New York Establishes Employer Compensation Expense Program
The Tax Cuts and Jobs Act (TJCA) limits itemized deductions for state and local income taxes for individuals to $10,000 per year. This SALT deduction limit will have a significant impact on states where there is a high tax rate such as New York, New Jersey and California. In order to reduce the effects of this provision of the new tax law, New York has enacted the Employer Compensation Expense Program (“ECEP”) for 2019. The TJCA limits the deductibility of state income taxes paid by individuals, however, there is no cap for ordinary and necessary business expenses paid or incurred by employers in carrying on trade or business.
How it Works
Employers that elect to be in the ECEP program will be required to pay a 5% state tax on all annual payroll expenses that are in excess of $40,000 per employee. This tax will be phased over a three year period beginning in January 2019.
An employer that so elects will pay the ECET on the payroll expense incurred by the employer for New York wages and compensation that exceeds $40,000 for the calendar year paid to each employee who is employed in New York for whom the employer is required to withhold New York State tax. If at least one of the tests for determining whether an employee is employed in New York is met, then an employee is deemed to be employed in New York.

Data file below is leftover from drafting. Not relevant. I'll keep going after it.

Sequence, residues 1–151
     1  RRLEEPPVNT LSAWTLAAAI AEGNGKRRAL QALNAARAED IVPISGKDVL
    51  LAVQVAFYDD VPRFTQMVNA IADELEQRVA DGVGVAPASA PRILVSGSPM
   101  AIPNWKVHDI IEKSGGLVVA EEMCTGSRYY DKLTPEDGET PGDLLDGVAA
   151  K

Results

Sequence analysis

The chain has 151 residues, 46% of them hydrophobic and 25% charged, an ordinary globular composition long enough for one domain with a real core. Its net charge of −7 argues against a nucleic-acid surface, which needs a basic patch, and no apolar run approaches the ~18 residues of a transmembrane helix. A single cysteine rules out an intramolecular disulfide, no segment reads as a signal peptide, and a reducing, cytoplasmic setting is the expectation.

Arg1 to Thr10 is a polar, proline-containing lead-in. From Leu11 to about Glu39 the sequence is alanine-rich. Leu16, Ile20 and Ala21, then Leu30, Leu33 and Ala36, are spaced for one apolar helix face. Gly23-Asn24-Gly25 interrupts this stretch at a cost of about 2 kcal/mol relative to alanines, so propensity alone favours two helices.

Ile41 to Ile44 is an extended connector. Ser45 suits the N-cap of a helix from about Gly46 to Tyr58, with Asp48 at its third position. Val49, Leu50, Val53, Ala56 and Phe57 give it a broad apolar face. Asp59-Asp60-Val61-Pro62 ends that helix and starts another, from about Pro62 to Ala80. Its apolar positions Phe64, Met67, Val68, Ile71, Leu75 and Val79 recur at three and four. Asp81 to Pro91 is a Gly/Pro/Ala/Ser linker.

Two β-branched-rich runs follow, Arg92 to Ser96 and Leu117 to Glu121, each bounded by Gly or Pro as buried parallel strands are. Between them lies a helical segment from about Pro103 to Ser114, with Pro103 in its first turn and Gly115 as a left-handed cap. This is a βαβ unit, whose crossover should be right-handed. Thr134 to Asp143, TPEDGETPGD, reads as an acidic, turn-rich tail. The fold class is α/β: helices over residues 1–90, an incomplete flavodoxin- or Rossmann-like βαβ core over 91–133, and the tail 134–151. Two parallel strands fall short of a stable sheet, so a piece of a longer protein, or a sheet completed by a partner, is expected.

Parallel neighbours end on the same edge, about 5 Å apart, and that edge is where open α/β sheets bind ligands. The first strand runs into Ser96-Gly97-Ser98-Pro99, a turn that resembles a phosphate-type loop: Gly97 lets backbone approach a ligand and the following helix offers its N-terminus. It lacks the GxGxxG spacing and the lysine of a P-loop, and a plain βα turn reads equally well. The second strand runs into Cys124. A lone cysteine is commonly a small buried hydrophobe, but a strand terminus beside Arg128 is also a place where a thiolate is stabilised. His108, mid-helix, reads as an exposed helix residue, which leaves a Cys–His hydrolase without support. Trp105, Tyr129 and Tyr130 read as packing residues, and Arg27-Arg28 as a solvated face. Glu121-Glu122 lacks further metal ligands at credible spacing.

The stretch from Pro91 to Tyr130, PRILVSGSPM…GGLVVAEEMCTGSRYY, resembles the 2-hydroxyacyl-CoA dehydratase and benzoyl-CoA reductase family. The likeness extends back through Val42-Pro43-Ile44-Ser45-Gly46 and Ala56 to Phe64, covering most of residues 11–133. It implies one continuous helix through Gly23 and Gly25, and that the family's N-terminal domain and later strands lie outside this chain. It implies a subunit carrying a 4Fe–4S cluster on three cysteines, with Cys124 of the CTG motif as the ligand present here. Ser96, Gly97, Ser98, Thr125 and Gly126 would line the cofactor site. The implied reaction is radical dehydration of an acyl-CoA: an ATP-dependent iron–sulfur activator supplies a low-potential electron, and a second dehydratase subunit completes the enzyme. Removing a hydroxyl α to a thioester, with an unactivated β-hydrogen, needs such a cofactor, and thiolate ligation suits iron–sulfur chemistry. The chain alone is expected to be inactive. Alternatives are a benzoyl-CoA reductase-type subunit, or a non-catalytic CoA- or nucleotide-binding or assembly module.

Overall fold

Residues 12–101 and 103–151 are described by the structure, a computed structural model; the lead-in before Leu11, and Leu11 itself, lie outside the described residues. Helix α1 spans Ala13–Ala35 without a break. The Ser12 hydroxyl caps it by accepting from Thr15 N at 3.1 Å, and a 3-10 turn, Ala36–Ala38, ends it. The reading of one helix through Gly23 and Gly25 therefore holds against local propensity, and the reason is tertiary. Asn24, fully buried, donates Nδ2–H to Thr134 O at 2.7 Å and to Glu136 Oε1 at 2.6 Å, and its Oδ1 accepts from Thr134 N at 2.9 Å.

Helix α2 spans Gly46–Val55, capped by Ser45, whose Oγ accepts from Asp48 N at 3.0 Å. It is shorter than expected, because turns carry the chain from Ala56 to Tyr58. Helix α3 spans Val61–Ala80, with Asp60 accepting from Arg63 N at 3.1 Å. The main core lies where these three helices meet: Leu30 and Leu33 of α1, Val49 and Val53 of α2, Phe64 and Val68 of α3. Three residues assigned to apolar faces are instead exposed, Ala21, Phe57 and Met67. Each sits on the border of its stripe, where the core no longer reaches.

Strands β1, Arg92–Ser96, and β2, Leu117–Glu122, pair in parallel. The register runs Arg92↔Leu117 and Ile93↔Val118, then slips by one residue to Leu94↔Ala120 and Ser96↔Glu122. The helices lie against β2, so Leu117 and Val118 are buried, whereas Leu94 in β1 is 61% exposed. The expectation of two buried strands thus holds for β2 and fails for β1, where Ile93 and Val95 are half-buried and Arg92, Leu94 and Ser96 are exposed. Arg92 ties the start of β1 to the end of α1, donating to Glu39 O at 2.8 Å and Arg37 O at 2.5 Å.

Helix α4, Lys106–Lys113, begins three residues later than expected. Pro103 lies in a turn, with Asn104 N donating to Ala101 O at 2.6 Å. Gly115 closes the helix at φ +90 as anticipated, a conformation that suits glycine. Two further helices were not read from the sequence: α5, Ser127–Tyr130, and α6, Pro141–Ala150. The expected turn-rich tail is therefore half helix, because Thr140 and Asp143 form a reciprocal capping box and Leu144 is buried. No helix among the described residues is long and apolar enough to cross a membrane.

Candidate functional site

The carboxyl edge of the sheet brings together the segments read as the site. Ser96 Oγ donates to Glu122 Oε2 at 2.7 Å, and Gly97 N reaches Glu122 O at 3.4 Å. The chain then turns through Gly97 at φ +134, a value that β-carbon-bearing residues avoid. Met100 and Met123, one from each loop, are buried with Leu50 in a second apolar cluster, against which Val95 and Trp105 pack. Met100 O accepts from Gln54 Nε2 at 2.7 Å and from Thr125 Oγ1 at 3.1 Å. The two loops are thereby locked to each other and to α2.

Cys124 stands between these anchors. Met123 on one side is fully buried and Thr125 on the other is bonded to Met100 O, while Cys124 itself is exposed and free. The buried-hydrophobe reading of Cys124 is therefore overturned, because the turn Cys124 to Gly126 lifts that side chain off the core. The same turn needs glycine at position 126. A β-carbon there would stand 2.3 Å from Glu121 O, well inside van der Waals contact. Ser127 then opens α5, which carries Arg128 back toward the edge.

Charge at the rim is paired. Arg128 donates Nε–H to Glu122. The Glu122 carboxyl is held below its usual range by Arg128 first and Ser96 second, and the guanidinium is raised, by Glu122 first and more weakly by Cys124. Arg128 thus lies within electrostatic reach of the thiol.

- This new legislation would allow employers that have no cap on their business SALT deduction to absorb their employee’s state tax liability.
- Any lost Federal SALT deduction is shifted from the employee to the employer, who can still take the deduction for business tax purposes.
- If the employer is a part of this program, employees would have a lower state tax liability because any ECET paid by an employer would result in a corresponding NYS income tax credit to the employee. This will result in employers assuming the cost of the employees state income taxes.
- In order to reduce the cost to the employer many have discussed offering employees the ECEP tax credit in exchange for a decrease in employee salary. The new tax credit that corresponds in value to the ECEP will decrease the personal income tax on wages for those employees who would be subject to ECEP, resulting in economic benefits to the employees.
- This credit can also be available to nonresidents of New York State paying taxed based upon New York source wages, provided the New York employment tests are met.
Effect on New York State
According to the state budget office, this new program is expected to be revenue neutral. The decrease in personal income tax receipts will be mitigated by the substantial increase in ECEP revenue assuming large volume of elections into the program.. The revenue from this program can only be determined by the number of elections made. The state has not given any revenue projections at this point.
There are questions regarding the legality of this new program and questions about whether or not the IRS will accept this structure. The IRS has not yet issued any guidance on this subject, however, we anticipate IRS guidance will be released soon.
If you have questions about how New York ECEP can affect your business, contact us today!